|Feb. 16, 2019 | www.fisherphillips.com|
For the first time, a court used a civil rights law to hold a school district financially accountable in a case of student bullying. In the recent case of Cohen v. Philadelphia School District, the court awarded $500,000 to a transgender student because the school district failed to stop her from being bullied. What can you learn from this development?
With the seemingly ever-increasing propensity for America’s youth to resort to violence to resolve conflict—real or imagined—school administrators are collectively searching for guidance in preventing violence before it occurs. In response, the U.S. Secret Service National Threat Assessment Center (NTAC) recently release a valuable guide to assist school administrators in reducing the prevalence of targeted violence within their schools.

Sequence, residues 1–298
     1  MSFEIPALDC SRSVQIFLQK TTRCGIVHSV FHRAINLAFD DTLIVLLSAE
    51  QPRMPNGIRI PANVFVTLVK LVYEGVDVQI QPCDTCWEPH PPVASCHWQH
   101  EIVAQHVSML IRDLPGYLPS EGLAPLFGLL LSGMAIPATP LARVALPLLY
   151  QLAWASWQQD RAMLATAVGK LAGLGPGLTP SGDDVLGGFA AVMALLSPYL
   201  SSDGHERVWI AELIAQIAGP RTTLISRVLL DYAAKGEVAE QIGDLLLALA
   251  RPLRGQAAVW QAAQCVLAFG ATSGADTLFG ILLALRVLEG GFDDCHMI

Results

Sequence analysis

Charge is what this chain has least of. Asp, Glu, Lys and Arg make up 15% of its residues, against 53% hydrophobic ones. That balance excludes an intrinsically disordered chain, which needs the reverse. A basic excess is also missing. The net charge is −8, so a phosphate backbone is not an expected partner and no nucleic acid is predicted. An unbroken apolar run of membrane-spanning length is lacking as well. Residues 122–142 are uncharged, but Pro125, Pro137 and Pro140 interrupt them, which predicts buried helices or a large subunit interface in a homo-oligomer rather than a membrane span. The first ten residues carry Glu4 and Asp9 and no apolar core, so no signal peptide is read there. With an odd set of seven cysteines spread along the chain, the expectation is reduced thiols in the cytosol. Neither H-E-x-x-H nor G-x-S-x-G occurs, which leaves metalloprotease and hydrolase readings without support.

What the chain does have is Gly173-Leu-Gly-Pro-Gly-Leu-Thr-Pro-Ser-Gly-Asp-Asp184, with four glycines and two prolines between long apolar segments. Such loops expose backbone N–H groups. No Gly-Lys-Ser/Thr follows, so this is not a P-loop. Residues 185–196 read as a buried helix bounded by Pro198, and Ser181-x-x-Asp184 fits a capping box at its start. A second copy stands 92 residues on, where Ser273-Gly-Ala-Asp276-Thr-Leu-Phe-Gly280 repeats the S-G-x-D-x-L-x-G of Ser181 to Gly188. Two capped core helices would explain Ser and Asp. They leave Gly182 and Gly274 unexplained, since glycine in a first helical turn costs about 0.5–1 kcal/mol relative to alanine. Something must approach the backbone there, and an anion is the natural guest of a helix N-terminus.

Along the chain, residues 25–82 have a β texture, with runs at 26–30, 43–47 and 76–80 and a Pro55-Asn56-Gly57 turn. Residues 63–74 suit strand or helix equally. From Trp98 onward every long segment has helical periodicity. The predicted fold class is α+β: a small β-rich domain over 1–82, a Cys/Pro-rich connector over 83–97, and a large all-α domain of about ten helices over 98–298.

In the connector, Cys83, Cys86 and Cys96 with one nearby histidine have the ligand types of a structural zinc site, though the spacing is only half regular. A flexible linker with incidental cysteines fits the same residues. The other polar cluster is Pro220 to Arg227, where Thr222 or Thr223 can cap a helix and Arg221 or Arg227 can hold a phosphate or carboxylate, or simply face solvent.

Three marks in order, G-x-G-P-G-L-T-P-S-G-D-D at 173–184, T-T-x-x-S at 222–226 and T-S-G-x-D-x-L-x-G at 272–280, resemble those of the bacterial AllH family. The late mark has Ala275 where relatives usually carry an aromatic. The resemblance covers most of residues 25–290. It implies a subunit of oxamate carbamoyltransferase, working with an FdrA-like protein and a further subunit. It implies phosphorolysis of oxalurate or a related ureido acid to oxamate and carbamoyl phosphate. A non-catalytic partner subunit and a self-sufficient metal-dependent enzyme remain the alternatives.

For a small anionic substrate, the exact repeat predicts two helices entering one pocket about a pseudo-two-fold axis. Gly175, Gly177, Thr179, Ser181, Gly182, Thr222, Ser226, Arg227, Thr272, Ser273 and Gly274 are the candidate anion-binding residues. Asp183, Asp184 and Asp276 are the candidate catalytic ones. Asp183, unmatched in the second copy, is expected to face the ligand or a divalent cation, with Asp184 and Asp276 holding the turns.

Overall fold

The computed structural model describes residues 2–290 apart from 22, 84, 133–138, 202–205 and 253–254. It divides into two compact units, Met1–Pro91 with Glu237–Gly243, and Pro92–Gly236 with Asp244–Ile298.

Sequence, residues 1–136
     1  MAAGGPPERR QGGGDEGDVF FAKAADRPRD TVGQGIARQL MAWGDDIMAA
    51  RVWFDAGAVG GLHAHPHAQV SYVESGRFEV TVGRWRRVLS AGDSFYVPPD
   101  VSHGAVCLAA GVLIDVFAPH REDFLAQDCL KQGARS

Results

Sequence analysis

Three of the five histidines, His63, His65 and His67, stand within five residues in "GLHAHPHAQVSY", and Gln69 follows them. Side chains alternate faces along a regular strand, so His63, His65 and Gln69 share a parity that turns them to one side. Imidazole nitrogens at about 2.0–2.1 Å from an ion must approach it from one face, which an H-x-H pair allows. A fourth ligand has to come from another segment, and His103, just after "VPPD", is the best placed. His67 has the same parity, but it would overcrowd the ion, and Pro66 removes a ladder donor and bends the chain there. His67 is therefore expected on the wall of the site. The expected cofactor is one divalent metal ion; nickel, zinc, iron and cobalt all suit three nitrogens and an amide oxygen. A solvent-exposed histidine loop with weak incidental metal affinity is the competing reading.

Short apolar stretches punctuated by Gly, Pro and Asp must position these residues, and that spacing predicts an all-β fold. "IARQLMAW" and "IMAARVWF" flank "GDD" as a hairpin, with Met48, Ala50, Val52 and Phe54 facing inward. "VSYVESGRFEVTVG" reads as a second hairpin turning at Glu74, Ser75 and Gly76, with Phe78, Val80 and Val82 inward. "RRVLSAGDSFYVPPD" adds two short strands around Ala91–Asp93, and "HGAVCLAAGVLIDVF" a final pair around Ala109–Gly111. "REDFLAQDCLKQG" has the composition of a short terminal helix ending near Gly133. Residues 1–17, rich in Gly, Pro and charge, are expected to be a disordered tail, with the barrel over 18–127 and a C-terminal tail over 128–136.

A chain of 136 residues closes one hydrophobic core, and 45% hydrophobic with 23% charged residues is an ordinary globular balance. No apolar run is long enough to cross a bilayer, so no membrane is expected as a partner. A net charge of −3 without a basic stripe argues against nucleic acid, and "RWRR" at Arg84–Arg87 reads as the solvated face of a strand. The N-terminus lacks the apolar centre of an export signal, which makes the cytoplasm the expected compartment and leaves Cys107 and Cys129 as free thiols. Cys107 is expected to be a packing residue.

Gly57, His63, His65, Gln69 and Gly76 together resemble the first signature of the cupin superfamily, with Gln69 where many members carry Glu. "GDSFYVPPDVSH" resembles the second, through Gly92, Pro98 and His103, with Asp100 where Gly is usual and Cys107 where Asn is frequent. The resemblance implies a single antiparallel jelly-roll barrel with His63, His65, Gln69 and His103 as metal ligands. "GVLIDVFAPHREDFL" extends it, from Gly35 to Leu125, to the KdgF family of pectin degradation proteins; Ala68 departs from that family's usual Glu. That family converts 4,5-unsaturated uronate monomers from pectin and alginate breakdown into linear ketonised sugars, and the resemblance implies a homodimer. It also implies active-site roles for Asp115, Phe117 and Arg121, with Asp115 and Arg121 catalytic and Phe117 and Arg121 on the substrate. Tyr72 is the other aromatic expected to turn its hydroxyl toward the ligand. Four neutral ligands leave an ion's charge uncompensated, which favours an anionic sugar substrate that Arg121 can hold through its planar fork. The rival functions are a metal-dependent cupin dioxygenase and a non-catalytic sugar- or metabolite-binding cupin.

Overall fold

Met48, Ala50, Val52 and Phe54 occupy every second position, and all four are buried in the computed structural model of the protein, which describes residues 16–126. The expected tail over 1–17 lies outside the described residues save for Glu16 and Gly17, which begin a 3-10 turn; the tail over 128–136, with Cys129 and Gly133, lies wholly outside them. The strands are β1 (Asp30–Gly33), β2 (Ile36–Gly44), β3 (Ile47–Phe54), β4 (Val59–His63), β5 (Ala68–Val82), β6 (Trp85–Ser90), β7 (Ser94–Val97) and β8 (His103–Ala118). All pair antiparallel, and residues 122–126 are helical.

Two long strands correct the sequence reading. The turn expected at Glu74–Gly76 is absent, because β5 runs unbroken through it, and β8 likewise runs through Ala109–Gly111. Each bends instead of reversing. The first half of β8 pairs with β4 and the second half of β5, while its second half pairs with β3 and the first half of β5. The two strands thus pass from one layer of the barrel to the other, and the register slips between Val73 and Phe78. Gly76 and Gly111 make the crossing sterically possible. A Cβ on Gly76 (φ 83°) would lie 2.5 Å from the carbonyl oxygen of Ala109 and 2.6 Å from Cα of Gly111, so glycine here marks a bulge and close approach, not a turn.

It goes without saying that federally funded educational institutions cannot discriminate on the basis of gender. Some federal courts believe Title IX is the proper statute upon which to base employment discrimination claims, while others believe Title VII of the Civil Rights Act of 1964 is the correct vehicle. Either way, there is no doubt that some form of remedy exists for such discrimination. In 2005, in fact, the U.S. Supreme Court held that a coach who suffers an adverse employment action for complaining about inequities in a women’s sports program can bring a Title IX claim for retaliation (Jackson v. Birmingham Board of Educ.).